formulation of network integrated information is based on the 
Kullback-Leibler divergence between the multivariate distribution on the 
set of network states versus the corresponding factorized distribution 
over its parts. We find that implementing the maximum information 
partition optimizes computations. These methods are well-suited for large 
networks with linear stochastic dynamics. We compute the integrated 
information for both, the system˙˙s attractor states, as well as 
non-stationary dynamical states of the network. We then apply this 
formalism to brain networks to compute the integrated information for the 
human brain˙˙s connectome. Compared to a randomly re-wired network, we 
find that the specific topology of the brain generates greater information 
complexity.


The global dynamical complexity of the human brain network
Xerxes D. Arsiwalla and Paul F. M. J. Verschure

Source: appliednetsci.springeropen.com (http://unam.us4.list-manage.com/track/click?u=0eb0ac9b4e8565f2967a8304b&id=6e0b047d81&e=55e25a0e3e)



Time-Series Analysis of Embodied Interaction: Movement Variability and Complexity Matching As Dyadic Properties

    There is a growing consensus that a fuller understanding of social 
cognition depends on more systematic studies of real-time social 
interaction. Such studies require methods that can deal with the complex 
dynamics taking place at multiple interdependent temporal and spatial 
scales, spanning sub-personal, personal, and dyadic levels of analysis. We 
demonstrate the value of adopting an extended multi-scale approach by 
re-analyzing movement time-series generated in a study of embodied dyadic 
interaction in a minimal virtual reality environment (a perceptual 
crossing experiment). Reduced movement variability revealed an 
interdependence between social awareness and social coordination that 
cannot be accounted for by either subjective or objective factors alone: 
it picks out interactions in which subjective and objective conditions are 
convergent (i.e., elevated coordination is perceived as clearly social, 
and impaired coordination is perceived as socially ambiguous). This 
finding is consistent with the claim that interpersonal interaction can be 
partially constitutive of direct social perception. Clustering statistics 
(Allan Factor) of salient events revealed fractal scaling. Complexity 
matching defined as the similarity between these scaling laws was 
significantly more pronounced in pairs of participants as compared to 
surrogate dyads. This further highlights the multi-scale and distributed 
character of social interaction and extends previous complexity matching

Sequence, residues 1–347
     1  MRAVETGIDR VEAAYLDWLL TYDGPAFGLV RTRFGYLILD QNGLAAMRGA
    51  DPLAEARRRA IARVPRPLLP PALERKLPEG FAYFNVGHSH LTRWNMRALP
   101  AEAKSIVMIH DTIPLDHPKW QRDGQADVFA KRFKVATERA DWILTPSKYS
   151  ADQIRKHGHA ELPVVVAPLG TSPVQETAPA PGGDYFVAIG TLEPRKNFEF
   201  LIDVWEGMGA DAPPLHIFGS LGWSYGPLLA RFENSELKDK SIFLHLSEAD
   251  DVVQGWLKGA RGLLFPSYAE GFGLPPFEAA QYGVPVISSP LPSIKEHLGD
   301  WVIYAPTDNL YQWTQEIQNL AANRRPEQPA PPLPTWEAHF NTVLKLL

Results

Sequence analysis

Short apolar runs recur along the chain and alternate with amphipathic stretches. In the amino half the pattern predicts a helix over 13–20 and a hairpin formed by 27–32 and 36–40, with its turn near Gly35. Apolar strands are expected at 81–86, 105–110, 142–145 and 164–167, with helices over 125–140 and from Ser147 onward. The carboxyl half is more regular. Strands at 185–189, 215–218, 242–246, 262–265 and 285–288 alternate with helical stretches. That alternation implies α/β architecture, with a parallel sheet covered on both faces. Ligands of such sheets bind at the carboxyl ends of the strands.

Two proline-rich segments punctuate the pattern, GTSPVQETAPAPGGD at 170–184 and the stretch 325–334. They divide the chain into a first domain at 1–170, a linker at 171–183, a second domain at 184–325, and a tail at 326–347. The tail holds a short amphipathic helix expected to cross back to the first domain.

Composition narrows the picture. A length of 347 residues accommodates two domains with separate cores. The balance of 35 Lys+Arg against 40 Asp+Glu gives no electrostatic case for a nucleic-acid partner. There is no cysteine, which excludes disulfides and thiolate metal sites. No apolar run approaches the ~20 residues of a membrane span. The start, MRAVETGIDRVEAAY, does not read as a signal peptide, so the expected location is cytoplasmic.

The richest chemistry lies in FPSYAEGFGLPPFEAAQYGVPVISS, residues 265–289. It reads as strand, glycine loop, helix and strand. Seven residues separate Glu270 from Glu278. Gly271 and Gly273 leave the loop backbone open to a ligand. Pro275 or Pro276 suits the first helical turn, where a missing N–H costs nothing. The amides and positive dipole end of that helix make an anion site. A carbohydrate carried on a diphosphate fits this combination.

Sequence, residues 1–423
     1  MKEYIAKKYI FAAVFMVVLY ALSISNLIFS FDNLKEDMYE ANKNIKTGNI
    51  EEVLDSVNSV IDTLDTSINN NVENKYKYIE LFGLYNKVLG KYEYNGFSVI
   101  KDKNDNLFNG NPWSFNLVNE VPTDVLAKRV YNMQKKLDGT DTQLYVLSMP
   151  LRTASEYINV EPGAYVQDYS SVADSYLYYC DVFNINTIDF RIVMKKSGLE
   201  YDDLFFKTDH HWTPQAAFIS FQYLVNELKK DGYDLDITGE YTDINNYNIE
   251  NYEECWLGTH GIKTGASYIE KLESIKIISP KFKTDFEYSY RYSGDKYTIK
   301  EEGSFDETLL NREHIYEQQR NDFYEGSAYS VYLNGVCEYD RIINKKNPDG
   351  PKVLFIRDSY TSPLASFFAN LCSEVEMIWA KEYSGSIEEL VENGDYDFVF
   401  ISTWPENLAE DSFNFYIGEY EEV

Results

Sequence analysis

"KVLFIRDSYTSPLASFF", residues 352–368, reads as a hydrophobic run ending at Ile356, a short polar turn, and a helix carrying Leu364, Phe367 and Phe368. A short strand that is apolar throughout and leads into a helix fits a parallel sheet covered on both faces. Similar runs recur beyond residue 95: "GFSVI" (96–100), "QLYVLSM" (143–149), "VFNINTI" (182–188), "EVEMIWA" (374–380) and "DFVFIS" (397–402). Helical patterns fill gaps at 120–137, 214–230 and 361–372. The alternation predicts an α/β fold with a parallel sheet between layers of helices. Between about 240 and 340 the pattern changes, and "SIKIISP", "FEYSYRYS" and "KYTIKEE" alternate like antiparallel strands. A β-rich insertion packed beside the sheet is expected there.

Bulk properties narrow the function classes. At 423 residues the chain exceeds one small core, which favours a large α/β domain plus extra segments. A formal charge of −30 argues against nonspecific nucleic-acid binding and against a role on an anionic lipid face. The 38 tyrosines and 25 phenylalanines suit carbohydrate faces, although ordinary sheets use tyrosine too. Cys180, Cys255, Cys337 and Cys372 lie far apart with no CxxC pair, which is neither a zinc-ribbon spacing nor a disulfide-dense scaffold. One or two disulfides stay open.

results from dyadic conversation to non-verbal social interaction 
dynamics. Trials with successful joint interaction were also associated 
with an increase in local coordination. Consequently, a local coordination 
pattern emerges on the background of complex dyadic interactions in the 
PCE task and makes joint successful performance possible.


Time-Series Analysis of Embodied Interaction: Movement Variability and Complexity Matching As Dyadic Properties
Leonardo Zapata-Fonseca, Dobromir Dotov, Ruben Fossion, and Tom Froese

Front. Psychol., 12 December 2016 | http://unam.us4.list-manage.com/track/click?u=0eb0ac9b4e8565f2967a8304b&id=c4b28aac39&e=55e25a0e3e

Source: journal.frontiersin.org (http://unam.us4.list-manage.com/track/click?u=0eb0ac9b4e8565f2967a8304b&id=7add7fdd58&e=55e25a0e3e)



A Novel Procedure for Measuring Semantic Synergy

    One interesting characteristic of some complex systems is the formation 
of macro level constructions perceived as having features that cannot be 
reduced to their micro level constituents. This characteristic is 
considered to be the expression of synergy where the joint action of the 
constituents produces unique features that are irreducible to the 
constituents isolated behavior or their simple composition. The synergy, 
characterizing complex systems, has been well acknowledged but difficult 
to conceptualize and quantify in the context of computing the emerging 
meaning of various linguistic and conceptual constructs. In this paper, we 
propose a novel measure/procedure for quantifying semantic synergy. This 
measure draws on a general idea of synergy as has been proposed in 
biology. We validate this measure by providing evidence for its ability to 
predict the semantic transparency of linguistic compounds (Experiment 1) 
and the abstractness rating of nouns (Experiment 2).


A Novel Procedure for Measuring Semantic Synergy
Yair Neuman, Yiftach Neuman, and Yochai Cohen

Complexity
Volume 2017 (2017), Article ID 5785617, 8 pages
http://unam.us4.list-manage2.com/track/click?u=0eb0ac9b4e8565f2967a8304b&id=c6c93326bb&e=55e25a0e3e

Source: www.hindawi.com (http://unam.us4.list-manage.com/track/click?u=0eb0ac9b4e8565f2967a8304b&id=6de14f4be8&e=55e25a0e3e)